by Sara Fraser
Should we vote for Oprah in 2020? Sara Fraser discusses the reality of television host Oprah Winfrey running for office and reasons why so many people feel comfortable being led by someone with no formal political experience.
It began with a speech, evolved into a hashtag, and encouraged a few harmless jokes on Twitter. However, the possibility of Oprah Winfrey running for President of the United States has recently turned into something to be taken seriously.
At the Golden Globes on Jan. 7, Oprah Winfrey received the Cecil B. DeMille Award and delivered a truly electrifying speech on behalf of the #MeToo and #Timesup movements against sexual harassment that inspired the empowerment of women across all industries. She commended “women who have felt strong enough and empowered enough to speak up” and suggested that “a new day is on the horizon” for women everywhere.
And although her speech did touch on some political ideas and presented the appearance of a great leader, people who give great speeches shouldn’t automatically be considered for the position of president.
A basic expectation of the American president is to give a centralized voice to a large group of people, unifying them and their causes. And although charisma and good communication skills are extremely necessary in achieving this goal, they shouldn't be the only thing that legitimizes a candidate for this hugely important leadership position.
Although the desire to inspire change is very important in all leadership positions, some political experience might be nice to have when we are considering the most powerful job in our country — an opinion previously shared by most on both sides of the political spectrum.
While the idea of a television star running for president may have seemed absurd 50 years ago, nominating a billionaire celebrity has now not only been proven possible, but it’s been done. Now that we are one year into experiencing the effects of electing a president with an estimated net worth of $3.1 million and a resume unlike that of most political figures, I would have thought that people would be more aware of who they are nominating for office and what credentials she has. However, I think most are forgetting the fact that this same outpour of nonchalant backing for Oprah as a presidential candidate was the foundation for Donald Trump’s campaign — and ultimately what elevated him to his current position. Trump’s shot at the presidency also began as a harmless and presumably impossible joke.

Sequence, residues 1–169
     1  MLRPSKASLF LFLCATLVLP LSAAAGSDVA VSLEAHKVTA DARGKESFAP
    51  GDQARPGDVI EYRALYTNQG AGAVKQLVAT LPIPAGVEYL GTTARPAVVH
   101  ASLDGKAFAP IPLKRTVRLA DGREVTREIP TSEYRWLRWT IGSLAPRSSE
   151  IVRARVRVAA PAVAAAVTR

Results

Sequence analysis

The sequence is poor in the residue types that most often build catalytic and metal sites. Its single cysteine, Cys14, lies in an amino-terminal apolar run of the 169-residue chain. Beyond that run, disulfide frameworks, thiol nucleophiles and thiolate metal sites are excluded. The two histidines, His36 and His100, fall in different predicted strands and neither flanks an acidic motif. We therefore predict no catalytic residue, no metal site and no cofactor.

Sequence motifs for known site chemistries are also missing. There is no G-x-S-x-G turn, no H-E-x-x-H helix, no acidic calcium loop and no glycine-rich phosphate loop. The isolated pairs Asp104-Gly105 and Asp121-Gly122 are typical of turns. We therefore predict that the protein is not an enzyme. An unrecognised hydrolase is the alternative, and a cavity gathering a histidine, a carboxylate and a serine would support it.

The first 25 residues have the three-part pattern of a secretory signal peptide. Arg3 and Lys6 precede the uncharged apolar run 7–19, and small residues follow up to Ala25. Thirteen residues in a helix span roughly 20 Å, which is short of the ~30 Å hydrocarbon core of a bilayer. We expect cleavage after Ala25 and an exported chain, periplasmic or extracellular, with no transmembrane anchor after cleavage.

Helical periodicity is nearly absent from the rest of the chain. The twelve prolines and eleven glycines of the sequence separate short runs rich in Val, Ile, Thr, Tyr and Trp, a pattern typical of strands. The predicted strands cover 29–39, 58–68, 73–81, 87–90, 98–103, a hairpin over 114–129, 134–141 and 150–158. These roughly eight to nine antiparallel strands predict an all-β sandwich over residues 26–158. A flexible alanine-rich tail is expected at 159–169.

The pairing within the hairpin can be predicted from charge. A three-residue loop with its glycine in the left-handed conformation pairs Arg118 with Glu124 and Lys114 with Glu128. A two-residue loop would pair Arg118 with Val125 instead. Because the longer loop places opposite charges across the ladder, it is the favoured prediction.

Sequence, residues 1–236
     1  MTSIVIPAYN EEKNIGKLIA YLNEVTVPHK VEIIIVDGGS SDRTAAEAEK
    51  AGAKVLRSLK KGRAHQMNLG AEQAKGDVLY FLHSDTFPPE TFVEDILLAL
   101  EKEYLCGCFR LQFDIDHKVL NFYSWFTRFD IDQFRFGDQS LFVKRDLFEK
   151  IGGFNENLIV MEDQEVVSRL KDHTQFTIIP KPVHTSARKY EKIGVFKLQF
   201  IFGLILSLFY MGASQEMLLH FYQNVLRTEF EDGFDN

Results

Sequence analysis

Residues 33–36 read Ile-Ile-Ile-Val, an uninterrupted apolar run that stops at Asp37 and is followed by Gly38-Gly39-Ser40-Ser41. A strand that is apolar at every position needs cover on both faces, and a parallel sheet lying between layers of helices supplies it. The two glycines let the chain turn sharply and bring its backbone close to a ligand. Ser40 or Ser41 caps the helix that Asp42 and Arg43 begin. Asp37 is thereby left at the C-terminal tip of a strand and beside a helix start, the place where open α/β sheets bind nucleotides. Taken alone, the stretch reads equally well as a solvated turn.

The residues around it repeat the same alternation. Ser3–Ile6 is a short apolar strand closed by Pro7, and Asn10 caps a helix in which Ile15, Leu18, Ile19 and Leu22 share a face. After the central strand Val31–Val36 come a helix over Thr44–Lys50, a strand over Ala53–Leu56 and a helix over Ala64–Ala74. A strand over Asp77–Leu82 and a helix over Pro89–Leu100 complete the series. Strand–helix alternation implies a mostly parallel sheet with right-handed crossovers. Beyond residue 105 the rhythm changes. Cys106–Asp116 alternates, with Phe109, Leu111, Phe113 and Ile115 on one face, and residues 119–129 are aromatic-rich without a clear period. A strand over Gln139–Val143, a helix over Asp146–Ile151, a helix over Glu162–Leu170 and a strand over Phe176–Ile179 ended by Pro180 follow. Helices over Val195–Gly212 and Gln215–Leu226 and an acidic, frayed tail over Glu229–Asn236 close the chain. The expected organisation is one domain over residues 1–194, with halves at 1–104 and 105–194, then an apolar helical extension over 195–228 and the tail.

I can’t completely disregard Oprah’s hypothesized presidency. I don’t know her, or how much she knows about politics, and I do agree with a lot of her opinions. Her career history demonstrates that she is a very talented individual with the ability to lead, and create change. But it can’t be ignored that she does lack formal experience in politics. Her high levels of fame and apparent wisdom are nice, but we already have a celebrity in the White House.
Truthfully, I would not be devastated if Oprah became our next president. And maybe that is my own hypocrisy at fault. Maybe we do have a tendency to deem candidates as under-qualified simply as a means of justifying our opposition to them. Or rather, maybe we do have a tendency to deem candidates qualified when we want them to win.
But ultimately, if we’re going to be in the business of promoting candidates who express political positions we support, we cannot forget the other amazing, diverse, over-qualified, female candidates out there, such as Elizabeth Warren and Kamala Harris, who don’t have their own TV shows and billions of dollars.